logo
POST TIME: 27 February, 2020 01:03:15 PM
Recent low voter turnout in mayoral elections
The schedule of Chattogram City Corporation has recently been announced and the election is due in next month. People want to see a good turnout there
MD KHALED BIN CHOWDHURY

Recent low voter turnout in mayoral elections

There was less than 30 percent turnout in the recently held two city corporation elections of Dhaka. The poor turnout speaks about the apathy that has developed among voters regarding the electoral process. Voters’ presence was thin at most of the polling centres where over 54 lakh voters were supposed to elect the city’s guardians. This poor turnout indicates people’s diminishing confidence in the country’s electoral practices. Many people were deprived of their voting rights in some of the previous elections too. The Election Commission is failing to create enthusiasm among the voters to go to polling centres. This time too voters did not have confidence that they would be able to cast their votes without any fear. The voter turnout should have been higher this time. But the poor presence of voters indicates that the Election Commission has failed to uphold the trust of the voters.
We do not need any research to investigate the low turnout in our recent elections. Any novice and ordinary person might be well aware about the reasons for this low voter turnout and voting apathy in recent times in Bangladesh. The political parties are liable for this. In the past the political parties going to leave power after their tenure had to bow to the demands of the opposition parties and adhere to the international pressure to ensure free and credible elections. That is why the provision for caretaker government was made through constitutional arrangement. In spite of that, every time the incumbent parties tried to manipulate the next election to pave the way for their return next time. The spirit of the caretaker government was thus spoilt. Later on this system was legally annulled by dint of majority of the incumbent party in parliament through the 15th Amendment of the constitution. So general elections are now being held under a party government. In a country like ours where democracy has not become institutionalized, it is difficult to hold any election without any bias and influence under a political government. There are researches about how election is rigged in countries staying at the bottom of the list of malfunctioning democracies.

In their highly acclaimed book How to Rig an Election (Yale Univesity Press, 2018), Nic Cheeseman of the University of Birmingham and Brian Klaas of the London School of Economics have shown that 75 per cent of elections are won by governments in power through authoritarian adaptation and systemic manipulations. The authors in this book argue that the increase in voting has not led to a corresponding rise in embracing democratic norms. Rather, voter intimidation, strategic misinformation, and ballot-rigging are common in many countries that describe themselves as democratic.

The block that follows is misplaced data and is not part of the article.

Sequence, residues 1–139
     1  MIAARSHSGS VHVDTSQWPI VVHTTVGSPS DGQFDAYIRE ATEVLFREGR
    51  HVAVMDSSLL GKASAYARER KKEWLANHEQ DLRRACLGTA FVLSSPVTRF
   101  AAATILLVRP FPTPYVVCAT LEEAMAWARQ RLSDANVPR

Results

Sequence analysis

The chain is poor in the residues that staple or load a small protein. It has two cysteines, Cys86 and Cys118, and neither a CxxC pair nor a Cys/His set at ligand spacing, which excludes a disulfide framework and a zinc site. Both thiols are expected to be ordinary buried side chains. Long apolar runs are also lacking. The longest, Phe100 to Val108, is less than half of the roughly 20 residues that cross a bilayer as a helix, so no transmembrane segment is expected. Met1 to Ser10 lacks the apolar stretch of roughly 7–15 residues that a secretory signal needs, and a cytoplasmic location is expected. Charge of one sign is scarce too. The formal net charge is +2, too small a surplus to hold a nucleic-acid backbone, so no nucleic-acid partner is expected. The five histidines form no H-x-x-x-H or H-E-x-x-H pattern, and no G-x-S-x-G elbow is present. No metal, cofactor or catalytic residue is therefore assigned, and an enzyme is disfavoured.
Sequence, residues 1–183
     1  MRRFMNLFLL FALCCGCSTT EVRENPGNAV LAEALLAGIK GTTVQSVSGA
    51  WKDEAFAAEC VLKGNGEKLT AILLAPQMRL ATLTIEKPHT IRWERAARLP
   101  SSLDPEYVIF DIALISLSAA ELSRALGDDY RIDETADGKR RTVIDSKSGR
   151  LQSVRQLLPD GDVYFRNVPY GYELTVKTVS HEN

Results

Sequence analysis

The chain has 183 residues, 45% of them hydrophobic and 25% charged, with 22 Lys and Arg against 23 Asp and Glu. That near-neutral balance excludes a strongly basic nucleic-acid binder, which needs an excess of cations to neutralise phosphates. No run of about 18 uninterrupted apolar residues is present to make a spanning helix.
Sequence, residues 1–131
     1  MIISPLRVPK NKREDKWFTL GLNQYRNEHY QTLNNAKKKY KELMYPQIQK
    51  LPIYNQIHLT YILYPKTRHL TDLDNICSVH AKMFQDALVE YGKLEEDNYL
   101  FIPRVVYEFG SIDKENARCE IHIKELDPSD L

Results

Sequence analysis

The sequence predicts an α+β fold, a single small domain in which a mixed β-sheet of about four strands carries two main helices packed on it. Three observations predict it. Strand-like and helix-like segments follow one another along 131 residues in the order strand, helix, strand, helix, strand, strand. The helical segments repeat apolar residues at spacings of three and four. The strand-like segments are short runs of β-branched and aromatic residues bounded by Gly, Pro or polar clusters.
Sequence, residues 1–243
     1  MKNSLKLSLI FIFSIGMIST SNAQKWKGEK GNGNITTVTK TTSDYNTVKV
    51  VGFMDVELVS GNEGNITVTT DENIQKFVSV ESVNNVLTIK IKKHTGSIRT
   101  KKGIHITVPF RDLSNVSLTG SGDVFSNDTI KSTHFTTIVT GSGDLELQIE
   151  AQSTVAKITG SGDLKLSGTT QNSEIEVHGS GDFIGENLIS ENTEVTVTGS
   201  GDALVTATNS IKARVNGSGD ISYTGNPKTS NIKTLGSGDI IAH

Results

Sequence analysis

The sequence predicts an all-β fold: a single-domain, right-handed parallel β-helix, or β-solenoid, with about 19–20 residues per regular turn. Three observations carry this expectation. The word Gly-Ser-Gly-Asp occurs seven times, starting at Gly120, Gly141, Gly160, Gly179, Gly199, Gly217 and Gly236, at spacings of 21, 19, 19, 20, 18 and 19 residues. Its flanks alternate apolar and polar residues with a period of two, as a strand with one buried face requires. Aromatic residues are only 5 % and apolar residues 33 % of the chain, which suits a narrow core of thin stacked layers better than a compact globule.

In tandem with the domestic political scenario, the external factors that impact the holding of credible election have taken a new dimension. In Bangladesh the pressure for credible election was once created from external forces. Foreign pressure for democracy and a fair vote has now diminished to such an extent that internal political forces now cannot find external allies. The influence of the democratic West on us has recently become weak. To the key external partners of Bangladesh, stability is at this moment more important than a flawed election. For the external forces, Bangladesh is an important ally in the fight against terrorism and stability, not the quality of election is a priority for them at present. In other words, economic interest has now become more important than any questionable election to all external forces. The dependence on external donor agencies for funding our development works is also now virtually low.

It is a fact that Bangladesh cannot ignore the geopolitical reality centering Bangladesh. It is also unrealistic to think that the caretaker system will again be established. It is the faintest hope the opposition can have about achieving from the government. But what can be done is to overhaul the flawed electoral system. The party in position should realize that people’s apathy to voting is gradually leading to the de-politicization of the statecraft. This practice will make the incumbent party both politically and morally weak and dependent on extra- constitutional forces devoid of the spirit of sacrifice for the country and humanitarian values. The incumbent party may also become weak in the absence of politics devoid of morality and ideology. The opposition also needs to play its constructive role in re-establishing the glorious past of free and credible election. The main opposition cannot decry its responsibilities for the present scenario. They should reflect on their previous roles and responsibilities and work judiciously to re-establish the culture of fair and credible election. It should have the conviction that it needs to rely on the people’s mandate for the return to power. The schedule of Chattogram City Corporation has recently been announced and the election is due in next month. People want to see a credible election there. The Election Commission should be strengthened with more legal and constitutional power. It is to rise to the occasion and play the pivotal role in ensuring credible election at any tier of the state without bias and fear.

The writer is Associate Professor, Department of English,

BGC Trust University  Bangladesh, Chattogram.

E-mail khaledchowdhury70@gmail.com